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Learning About Neonatal Abstinence Syndrome (NAS)

What is neonatal abstinence syndrome?

Neonatal abstinence syndrome (NAS) is a set of problems that may affect a child if the mother used certain drugs during pregnancy. These drugs may include prescription medicines. The drugs pass through the placenta and enter the baby's bloodstream. They affect the baby in much the same way as they affect the mother. The baby's body gets used to the drug. After birth, when the drug starts to leave the body, the baby goes through withdrawal. This may happen within hours after birth or later, depending on the drug.

This condition is also called neonatal withdrawal syndrome.

NAS is caused by legal or illegal drugs that lead to substance use disorder. Some examples are heroin, methadone, morphine, buprenorphine, and hydromorphone. It's important to tell your baby's doctor what drugs you took, how much you took, and when you took them. This can help the doctor give your baby the best care possible.

Babies with NAS may be irritable and jittery. They may cry a lot and have problems feeding and sleeping. This can be stressful for you and your baby. But most babies recover after the body has rid itself of the drug. The length of time it takes for the body to get rid of the drug depends on the drug and how much is in the body.

Treatment will help keep your baby from getting worse while the drug is still in the body.

Your baby may need special care, such as being in the neonatal intensive care unit (NICU). This may be scary for you. But the hospital staff understands this. They will explain what happens and will answer your questions.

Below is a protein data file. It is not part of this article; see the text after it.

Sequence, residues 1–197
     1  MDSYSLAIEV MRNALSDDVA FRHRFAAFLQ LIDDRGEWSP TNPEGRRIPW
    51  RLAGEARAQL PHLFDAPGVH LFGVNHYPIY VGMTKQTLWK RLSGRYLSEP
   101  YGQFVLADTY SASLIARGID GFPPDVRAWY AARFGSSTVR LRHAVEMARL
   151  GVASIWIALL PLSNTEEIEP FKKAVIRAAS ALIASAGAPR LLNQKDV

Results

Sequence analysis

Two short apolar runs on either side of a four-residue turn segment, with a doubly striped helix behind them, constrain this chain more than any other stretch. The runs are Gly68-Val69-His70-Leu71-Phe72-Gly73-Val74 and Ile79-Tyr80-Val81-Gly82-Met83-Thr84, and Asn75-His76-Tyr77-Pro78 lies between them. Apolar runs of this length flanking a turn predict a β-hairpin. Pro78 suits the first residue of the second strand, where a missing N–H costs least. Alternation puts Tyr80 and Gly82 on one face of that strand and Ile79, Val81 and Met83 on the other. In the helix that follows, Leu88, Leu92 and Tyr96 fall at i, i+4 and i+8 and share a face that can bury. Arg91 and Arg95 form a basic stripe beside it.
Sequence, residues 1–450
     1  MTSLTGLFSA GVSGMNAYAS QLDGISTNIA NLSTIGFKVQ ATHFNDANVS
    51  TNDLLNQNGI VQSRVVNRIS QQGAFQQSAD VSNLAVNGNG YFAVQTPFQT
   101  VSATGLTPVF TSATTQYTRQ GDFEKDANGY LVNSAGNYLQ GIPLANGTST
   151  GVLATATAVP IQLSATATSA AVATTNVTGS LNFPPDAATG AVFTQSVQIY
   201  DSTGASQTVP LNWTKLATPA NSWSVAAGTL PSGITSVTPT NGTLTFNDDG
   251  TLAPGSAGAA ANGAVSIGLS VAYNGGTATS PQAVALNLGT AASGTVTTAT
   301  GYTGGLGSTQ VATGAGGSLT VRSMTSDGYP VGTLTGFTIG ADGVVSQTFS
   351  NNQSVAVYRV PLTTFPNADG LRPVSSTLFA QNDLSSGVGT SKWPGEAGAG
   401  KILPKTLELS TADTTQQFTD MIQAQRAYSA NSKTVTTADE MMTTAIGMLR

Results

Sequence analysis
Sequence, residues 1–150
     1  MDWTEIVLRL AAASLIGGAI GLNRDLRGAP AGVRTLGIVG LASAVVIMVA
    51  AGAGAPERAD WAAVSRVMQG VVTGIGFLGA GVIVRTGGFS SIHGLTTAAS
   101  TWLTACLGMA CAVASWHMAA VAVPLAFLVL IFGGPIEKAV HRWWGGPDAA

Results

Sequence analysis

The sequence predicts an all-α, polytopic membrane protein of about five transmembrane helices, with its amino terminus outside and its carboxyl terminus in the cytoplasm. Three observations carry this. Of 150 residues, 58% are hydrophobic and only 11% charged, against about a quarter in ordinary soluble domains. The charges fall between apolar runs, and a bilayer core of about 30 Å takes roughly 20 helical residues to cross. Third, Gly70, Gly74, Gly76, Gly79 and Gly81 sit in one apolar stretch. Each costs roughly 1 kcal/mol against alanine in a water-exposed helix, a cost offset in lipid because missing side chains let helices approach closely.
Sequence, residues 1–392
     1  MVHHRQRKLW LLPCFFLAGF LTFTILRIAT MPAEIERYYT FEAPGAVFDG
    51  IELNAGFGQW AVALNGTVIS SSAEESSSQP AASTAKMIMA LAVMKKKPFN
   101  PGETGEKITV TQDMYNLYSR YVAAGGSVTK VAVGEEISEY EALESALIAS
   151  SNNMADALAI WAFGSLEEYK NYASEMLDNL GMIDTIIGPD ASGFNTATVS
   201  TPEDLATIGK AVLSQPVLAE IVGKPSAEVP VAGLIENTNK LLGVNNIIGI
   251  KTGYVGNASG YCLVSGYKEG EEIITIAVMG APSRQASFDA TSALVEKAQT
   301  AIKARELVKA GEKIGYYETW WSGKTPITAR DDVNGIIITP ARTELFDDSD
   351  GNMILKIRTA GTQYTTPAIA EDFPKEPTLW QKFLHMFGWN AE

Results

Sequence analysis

How is it treated?

  • The NICU staff will closely watch your baby. Your baby may get fluids and oxygen if needed.
  • The doctor may give medicine to ease the effects of withdrawal and make your baby more comfortable. The medicine may be given by mouth or through a blood vessel. Your baby may be given less of the medicine over time to allow the body to adjust.

What can you expect?

  • You may see tubes and wires attached to your baby. This can be scary to see. But these things help the doctor treat your baby. The tubes supply air, fluid, and medicines to your baby. The wires are attached to machines that help the doctor keep track of your baby's vital signs. These include temperature, blood pressure, breathing rate, and pulse rate.
  • It's hard to be apart from your baby, especially when you worry about his or her condition. Know that the hospital staff is well prepared to care for babies with this condition. They will do everything they can to help. If you need it, ask for support from friends and family. You can also ask the hospital staff about counselling and support.

Follow-up care is a key part of your child's treatment and safety. Be sure to make and go to all appointments, and call your doctor or nurse advice line (811 in most provinces and territories) if your child is having problems. It's also a good idea to know your child's test results and keep a list of the medicines your child takes.

Where can you learn more?

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